Business News In Brief

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The Independent Online
Reckitt & Colman, the household products and food group, has adjusted its 1995 accounts after being criticised by the accountancy watchdog, the Financial Reporting Review Panel, over its treatment of the pounds 1bn acquisition of the L&F household products business. The adjustment, included in the 1996 accounts published yesterday, followed discussions between the panel and directors of the company, which owns Dettol and Lemsip. The panel had been happy with the provisional "fair value" adjustments made by the company in its 1994 annual accounts, which resulted in an increase of pounds 750.5m to the net assets acquired. But it felt that the revised adjustment in the following year's document, which led to a further adjustment of pounds 81.2m relating to the acquisition and a corresponding adjustment to goodwill, was short of detail for a transaction of this size.

The construction and sales of new houses picked up during the first quarter of 1997, according to the National House-Building Council. The number of applications to start new houses, excluding housing associations, was 34,000, up 8 per cent compared with a year earlier. Sales reached an average of 632 a day, up 15 per cent year-on-year. Imtiaz Farookhi, chief executive of the NHBC, said this was a steady recovery but not a boom. Economist Simon Briscoe at City investment bank Nikko agreed. In a new report, "Where's The Boom?", he said: "There continues to be no sign of a renewed surge in housing activity." House prices rose strongly in the first quarter of this year, but other indicators edged back in the latest month.

Annual consumer price inflation declined to 1.5 per cent in Germany last month, with a 0.2 per cent drop in the price level during the month. Lower food prices accounted for the fall, but there was no sign more generally that the weaker Deutschmark, leading to higher import prices, was feeding through into inflation. Reductions in wage costs in Germany, where unemployment remains near its post-war record, have offset this effect.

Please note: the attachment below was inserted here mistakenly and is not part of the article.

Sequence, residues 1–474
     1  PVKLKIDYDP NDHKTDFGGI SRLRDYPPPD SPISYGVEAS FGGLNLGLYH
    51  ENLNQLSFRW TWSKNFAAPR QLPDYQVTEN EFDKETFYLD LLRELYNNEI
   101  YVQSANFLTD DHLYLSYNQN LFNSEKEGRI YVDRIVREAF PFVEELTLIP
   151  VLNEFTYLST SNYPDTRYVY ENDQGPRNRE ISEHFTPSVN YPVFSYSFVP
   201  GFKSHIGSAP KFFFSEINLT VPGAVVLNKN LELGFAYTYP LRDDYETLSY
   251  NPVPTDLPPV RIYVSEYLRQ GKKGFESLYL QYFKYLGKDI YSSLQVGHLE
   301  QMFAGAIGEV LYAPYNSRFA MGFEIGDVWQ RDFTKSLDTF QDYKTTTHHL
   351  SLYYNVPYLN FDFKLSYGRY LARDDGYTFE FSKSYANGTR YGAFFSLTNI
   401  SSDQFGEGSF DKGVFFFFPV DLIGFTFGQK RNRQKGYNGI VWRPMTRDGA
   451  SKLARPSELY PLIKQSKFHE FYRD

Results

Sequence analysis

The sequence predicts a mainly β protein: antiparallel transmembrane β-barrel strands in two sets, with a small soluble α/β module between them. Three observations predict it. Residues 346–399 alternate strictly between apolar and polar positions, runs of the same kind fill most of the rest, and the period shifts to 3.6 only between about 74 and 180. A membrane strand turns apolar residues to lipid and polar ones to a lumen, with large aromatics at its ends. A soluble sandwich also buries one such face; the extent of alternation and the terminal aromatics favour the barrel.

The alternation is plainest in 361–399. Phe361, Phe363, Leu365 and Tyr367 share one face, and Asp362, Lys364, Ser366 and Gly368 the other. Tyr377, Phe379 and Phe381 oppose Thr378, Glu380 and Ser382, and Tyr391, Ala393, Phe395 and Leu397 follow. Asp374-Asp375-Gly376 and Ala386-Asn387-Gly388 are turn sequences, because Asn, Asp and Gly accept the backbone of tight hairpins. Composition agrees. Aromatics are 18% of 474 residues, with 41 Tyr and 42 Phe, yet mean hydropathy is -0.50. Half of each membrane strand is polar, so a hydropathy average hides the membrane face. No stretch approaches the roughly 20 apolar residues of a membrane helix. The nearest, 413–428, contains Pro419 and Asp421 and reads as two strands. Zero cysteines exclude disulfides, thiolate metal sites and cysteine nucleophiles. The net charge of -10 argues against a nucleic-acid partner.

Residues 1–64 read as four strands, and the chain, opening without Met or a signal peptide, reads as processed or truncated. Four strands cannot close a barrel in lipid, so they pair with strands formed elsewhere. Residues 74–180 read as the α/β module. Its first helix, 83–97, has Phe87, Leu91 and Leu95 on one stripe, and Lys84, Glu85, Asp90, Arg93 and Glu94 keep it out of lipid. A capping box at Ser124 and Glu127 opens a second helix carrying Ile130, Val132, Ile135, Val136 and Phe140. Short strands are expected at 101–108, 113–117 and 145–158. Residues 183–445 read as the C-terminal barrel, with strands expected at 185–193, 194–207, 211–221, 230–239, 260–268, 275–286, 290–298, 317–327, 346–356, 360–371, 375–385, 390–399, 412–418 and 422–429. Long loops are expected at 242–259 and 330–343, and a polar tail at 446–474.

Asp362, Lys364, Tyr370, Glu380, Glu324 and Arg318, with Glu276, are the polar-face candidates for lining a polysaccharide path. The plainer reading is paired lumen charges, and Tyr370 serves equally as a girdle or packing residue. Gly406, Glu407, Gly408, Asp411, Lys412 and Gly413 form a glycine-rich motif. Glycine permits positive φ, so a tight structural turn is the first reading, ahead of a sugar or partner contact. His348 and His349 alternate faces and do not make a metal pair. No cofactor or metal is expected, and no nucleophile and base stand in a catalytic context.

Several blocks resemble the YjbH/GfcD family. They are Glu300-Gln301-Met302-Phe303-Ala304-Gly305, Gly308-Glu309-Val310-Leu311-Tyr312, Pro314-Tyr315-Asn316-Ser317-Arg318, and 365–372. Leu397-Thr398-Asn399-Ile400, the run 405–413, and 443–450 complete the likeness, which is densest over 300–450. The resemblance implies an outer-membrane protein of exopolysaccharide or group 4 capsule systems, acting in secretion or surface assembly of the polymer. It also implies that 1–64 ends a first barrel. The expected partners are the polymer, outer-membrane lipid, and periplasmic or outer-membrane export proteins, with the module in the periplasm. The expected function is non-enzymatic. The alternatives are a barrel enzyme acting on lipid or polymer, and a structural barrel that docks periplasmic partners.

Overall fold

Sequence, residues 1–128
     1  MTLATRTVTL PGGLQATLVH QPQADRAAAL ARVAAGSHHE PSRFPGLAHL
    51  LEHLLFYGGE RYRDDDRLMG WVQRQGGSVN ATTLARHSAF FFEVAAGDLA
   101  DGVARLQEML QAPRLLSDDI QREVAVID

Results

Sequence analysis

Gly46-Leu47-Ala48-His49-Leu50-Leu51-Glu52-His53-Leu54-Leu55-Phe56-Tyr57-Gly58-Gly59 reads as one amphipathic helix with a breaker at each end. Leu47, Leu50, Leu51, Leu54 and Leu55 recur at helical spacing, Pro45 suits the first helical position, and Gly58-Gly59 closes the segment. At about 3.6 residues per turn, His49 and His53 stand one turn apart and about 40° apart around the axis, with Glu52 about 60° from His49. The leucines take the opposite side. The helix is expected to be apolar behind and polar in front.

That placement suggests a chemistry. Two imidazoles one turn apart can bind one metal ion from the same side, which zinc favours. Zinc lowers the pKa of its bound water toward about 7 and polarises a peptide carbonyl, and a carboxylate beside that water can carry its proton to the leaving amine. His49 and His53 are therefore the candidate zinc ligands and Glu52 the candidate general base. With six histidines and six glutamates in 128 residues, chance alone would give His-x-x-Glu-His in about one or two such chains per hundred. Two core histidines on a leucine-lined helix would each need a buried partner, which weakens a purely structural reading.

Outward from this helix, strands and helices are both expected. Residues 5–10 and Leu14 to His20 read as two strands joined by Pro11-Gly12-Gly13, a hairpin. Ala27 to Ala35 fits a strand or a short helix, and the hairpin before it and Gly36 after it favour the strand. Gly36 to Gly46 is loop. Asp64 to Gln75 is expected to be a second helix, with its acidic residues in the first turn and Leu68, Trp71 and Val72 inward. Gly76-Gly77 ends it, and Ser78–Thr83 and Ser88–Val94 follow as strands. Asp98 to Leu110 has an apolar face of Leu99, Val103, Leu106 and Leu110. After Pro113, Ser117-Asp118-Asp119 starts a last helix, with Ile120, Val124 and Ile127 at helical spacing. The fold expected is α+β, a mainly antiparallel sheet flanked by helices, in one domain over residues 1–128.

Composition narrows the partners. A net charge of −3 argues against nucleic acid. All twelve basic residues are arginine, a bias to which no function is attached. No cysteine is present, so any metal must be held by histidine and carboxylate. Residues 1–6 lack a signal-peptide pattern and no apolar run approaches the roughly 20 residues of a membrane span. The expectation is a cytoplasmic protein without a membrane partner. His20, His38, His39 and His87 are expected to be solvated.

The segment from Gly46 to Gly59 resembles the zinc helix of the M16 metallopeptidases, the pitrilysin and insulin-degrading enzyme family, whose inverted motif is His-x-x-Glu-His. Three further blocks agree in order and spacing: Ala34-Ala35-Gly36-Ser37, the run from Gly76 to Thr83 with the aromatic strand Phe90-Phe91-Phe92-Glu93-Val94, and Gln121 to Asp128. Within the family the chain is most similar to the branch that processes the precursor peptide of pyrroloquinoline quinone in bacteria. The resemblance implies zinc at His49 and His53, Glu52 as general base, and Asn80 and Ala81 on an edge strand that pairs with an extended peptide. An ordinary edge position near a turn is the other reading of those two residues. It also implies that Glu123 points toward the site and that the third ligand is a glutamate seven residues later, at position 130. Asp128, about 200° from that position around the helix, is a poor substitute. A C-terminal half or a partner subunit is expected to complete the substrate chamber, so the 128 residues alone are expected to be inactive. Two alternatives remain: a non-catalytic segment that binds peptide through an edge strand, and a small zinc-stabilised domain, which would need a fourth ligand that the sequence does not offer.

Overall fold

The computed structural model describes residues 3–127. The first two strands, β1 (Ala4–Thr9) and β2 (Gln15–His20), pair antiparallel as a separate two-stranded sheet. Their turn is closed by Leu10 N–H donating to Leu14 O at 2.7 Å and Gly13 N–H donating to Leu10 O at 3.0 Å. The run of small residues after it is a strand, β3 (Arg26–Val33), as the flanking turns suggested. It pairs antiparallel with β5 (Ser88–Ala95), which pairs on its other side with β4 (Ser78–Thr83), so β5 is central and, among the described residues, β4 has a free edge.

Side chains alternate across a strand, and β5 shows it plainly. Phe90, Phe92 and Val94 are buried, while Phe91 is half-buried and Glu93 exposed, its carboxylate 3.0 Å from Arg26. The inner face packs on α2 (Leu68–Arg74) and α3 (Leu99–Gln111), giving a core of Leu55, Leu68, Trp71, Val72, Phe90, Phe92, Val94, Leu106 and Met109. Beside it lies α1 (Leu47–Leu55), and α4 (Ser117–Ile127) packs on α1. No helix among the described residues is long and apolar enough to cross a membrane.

Leicester City, the Premiership football club, is planning to come to the stock market. The club has called a shareholders' meeting for 9 May to change its share structure to enable a flotation. Tom Smeaton, chairman, said it was essential for Leicester City to have access to substantial levels of outside funding. He said that although flotation was not the only way of raising money, the status of a listed company would enable the club, if it chose, to return to the market for funds as its growth developed. The team has had reasonable success on the field this season, reaching the fifth round of the FA Cup and the Coca-Cola Cup Final which it is due to replay next Wednesday.

Peugeot plans to invest pounds 100m to raise production at its UK factory in Coventry. The company said a new model would be built at the factory next year. A Peugeot spokesman said the investment would safeguard 2,500 jobs.

Sir Brian Pitman, chairman of Lloyds TSB Group, said 1997 had "started well" for the group, with first-quarter profits "well up" on the prior year and volumes increasing. He told shareholders at Lloyds TSB's annual general meeting in Edinburgh that the bank's net interest margin "has widened slightly and costs remain under tight control".

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